Walking is a core activity of human life. Mobility limitation, or difficulty or inability to walk, can limit a person's ability to work, live independently, and participate in the community. Heart and brain health are two of the strongest modifiable pathways to mobility limitation. African Americans have a disproportionate burden of cardiovascular disease (CVD), cerebrovascular disease (CBVD), cognitive impairment, and mobility limitation, but the majority of research on the relationship between these conditions has been conducted in predominantly white populations. The biology and optimal prevention strategies for mobility limitation may differ by race/ethnicity, highlighting a critical need for research in underrepresented populations. The proposed research will add validated measures of mobility, disability, and physical performance to the Jackson Heart Study (JHS), a cohort study of African Americans, designed to investigate causes of CVD in a high-risk population. JHS participants have undergone three exams (Exam 1, 2000-2004, Exam 2, 2005-2008, Exam 3, 2009-2013); Exam 4 is scheduled on the 3,500 remaining participants (mean age = 65 years) beginning in 2020. The exam will include extensive CVD measures, socioeconomic status, psychosocial health, cognitive testing, and brain MRI. We propose an ancillary study to add established measures of mobility limitation: gait speed <0.6 m/s, and self-reported difficulty/inability to walk a quarter of a mile or climb 10 stairs. We will leverage the nearly 20 years of data on CVD/CBVD risk factors and newly collected data on subclinical vascular disease and brain health to better understand the timing of exposure to risk factors and mediating pathways to mobility limitation in African Americans. We hypothesize that exposure to high blood pressure, high fasting glucose, and adiposity in midlife will have stronger associations with mobility limitation in older adults than exposure to these risk factors in late life. We will use novel statistical mediation methods to quantify the extent to which potential mediators explain the relationship between CVD/CBVD risk factors and mobility limitation, while allowing us to test for potential interactions by these mediators. This research will support our long-term goal to enhance functional health among African Americans, in order to preserve independence and participation in the community. Understanding the link between heart and brain health and mobility limitation is critical to reduce racial disparities in health. Moreover, the addition of the functional measures will help expand JHS into a contemporary study cardiovascular health and aging in African Americans.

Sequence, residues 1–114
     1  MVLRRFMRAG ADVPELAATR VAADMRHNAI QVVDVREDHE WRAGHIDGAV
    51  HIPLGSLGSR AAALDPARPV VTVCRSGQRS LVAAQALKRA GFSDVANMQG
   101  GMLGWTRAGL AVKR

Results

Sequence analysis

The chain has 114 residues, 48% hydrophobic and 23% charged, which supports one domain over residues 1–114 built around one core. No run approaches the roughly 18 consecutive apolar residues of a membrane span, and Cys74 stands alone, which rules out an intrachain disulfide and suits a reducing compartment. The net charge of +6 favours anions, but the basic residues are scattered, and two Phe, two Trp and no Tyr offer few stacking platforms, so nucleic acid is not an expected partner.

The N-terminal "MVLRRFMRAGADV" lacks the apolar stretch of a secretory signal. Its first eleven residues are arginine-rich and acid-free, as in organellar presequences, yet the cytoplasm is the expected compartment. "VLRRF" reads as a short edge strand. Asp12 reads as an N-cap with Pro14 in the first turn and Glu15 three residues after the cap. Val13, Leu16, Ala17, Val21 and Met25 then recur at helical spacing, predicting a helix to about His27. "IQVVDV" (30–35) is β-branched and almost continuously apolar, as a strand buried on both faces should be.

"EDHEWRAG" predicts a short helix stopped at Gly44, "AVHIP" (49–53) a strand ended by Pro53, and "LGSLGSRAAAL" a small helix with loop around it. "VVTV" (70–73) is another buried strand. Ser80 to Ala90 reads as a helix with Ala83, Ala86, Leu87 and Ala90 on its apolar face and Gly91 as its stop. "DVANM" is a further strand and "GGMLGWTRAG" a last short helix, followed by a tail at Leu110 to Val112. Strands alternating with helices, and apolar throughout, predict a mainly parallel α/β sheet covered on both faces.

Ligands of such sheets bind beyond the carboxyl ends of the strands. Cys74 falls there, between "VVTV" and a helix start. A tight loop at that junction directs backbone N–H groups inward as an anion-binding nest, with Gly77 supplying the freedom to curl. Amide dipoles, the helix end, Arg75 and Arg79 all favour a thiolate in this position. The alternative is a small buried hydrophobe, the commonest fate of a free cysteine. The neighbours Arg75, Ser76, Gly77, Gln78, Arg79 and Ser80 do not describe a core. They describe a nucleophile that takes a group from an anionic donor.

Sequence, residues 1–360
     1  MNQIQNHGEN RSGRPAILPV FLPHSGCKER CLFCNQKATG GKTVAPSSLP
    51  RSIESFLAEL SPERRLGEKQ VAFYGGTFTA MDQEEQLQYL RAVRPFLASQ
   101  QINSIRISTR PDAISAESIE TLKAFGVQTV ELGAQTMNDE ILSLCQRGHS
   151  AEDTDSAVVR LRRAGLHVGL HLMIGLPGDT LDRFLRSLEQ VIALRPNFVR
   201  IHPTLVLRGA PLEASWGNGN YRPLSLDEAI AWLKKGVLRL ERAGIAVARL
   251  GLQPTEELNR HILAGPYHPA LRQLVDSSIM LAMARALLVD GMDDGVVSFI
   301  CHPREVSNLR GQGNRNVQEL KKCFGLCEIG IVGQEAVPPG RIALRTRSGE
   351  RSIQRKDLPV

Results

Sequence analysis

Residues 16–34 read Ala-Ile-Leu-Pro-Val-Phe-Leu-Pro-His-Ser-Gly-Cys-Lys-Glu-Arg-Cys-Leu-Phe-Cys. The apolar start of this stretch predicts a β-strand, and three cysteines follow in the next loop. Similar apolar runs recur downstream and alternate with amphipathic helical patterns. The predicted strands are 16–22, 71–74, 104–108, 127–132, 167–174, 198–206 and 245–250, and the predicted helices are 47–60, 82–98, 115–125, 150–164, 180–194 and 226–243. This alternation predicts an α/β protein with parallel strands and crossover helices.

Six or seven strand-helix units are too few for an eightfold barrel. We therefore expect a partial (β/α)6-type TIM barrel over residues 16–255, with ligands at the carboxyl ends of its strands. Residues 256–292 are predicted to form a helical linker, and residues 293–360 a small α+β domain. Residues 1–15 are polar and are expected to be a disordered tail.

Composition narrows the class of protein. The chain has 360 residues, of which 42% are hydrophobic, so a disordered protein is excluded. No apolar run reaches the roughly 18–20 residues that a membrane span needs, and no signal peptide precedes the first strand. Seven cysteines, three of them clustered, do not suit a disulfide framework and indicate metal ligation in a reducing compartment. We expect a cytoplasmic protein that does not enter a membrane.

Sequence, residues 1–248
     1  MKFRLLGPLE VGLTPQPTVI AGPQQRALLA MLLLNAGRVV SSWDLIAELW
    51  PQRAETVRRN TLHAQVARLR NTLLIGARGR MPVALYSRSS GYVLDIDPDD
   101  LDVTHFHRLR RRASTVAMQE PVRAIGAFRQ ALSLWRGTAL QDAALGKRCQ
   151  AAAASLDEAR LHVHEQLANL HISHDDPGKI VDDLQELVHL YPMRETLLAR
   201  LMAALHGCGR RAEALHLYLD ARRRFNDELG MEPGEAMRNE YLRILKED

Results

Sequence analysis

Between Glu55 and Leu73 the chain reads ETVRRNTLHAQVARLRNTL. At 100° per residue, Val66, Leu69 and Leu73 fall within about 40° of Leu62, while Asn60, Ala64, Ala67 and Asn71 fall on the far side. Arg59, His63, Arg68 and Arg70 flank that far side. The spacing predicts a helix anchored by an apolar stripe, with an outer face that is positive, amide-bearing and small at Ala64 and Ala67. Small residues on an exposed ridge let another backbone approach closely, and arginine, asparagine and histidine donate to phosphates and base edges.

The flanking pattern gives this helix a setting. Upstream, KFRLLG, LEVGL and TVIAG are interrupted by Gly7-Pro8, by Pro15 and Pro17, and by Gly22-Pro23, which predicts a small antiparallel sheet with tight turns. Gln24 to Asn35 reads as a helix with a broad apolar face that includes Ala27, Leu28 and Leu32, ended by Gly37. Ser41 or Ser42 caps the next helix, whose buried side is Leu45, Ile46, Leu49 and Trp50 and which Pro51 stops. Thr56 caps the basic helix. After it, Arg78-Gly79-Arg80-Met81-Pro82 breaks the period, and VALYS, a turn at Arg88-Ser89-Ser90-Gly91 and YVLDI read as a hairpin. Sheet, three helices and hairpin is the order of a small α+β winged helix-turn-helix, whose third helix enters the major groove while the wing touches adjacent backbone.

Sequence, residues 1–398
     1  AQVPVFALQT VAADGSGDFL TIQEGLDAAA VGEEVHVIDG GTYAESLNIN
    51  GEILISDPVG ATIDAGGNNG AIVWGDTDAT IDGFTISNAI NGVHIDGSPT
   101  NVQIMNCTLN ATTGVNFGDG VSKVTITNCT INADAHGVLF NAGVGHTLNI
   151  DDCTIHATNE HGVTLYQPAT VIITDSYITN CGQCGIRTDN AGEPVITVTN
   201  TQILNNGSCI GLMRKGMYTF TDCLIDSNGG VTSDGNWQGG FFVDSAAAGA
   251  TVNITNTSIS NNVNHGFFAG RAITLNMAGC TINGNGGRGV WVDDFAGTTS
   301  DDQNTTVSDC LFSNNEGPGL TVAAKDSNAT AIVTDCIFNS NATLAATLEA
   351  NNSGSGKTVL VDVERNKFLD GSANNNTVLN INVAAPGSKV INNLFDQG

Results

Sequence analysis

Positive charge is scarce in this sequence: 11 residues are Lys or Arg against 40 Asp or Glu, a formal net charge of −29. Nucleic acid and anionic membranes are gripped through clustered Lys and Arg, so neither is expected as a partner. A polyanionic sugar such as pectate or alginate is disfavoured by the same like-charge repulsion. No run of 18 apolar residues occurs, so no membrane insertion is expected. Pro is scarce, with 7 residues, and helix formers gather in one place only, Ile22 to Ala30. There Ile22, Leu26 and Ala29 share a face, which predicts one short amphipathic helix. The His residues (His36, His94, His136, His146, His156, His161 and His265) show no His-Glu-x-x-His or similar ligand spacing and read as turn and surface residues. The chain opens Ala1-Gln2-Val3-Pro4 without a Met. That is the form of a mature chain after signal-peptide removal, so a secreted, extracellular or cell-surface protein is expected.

Public Health Relevance

Difficulty or inability to walk, can limit a person's ability to work, live independently, and participate in the community. Poor heart and brain health disproportionately affect African Americans and are also risk factors for difficulty walking. The proposed research will study these relationships in a large cohort study of African Americans in Jackson, Mississippi.

National Institute of Health (NIH)
National Institute on Aging (NIA)
Research Project (R01)
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Special Emphasis Panel (ZHL1)
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Joseph, Lyndon
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Stanford University
Internal Medicine/Medicine
Schools of Medicine
United States
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